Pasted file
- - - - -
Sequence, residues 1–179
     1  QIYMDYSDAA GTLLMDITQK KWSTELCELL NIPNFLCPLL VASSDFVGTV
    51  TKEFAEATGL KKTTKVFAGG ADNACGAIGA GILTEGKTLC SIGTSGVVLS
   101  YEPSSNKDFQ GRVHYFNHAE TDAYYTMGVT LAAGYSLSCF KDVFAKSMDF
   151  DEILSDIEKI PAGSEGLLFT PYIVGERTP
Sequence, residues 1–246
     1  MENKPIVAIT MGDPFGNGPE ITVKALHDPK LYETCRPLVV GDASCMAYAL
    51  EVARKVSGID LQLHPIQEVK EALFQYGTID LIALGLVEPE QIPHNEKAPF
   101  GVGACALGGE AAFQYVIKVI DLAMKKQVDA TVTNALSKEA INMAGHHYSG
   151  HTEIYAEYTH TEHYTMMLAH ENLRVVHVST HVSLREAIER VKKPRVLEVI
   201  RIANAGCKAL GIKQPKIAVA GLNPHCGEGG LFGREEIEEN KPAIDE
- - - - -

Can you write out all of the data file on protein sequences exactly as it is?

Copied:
Sequence, residues 1–179
     1  QIYMDYSDAA GTLLMDITQK KWSTELCELL NIPNFLCPLL VASSDFVGTV
    51  TKEFAEATGL KKTTKVFAGG ADNACGAIGA GILTEGKTLC SIGTSGVVLS
   101  YEPSSNKDFQ GRVHYFNHAE TDAYYTMGVT LAAGYSLSCF KDVFAKSMDF
   151  DEILSDIEKI PAGSEGLLFT PYIVGERTP
Sequence, residues 1–246
     1  MENKPIVAIT MGDPFGNGPE ITVKALHDPK LYETCRPLVV GDASCMAYAL
    51  EVARKVSGID LQLHPIQEVK EALFQYGTID LIALGLVEPE QIPHNEKAPF
   101  GVGACALGGE AAFQYVIKVI DLAMKKQVDA TVTNALSKEA INMAGHHYSG
   151  HTEIYAEYTH TEHYTMMLAH ENLRVVHVST HVSLREAIER VKKPRVLEVI
   201  RIANAGCKAL GIKQPKIAVA GLNPHCGEGG LFGREEIEEN KPAIDE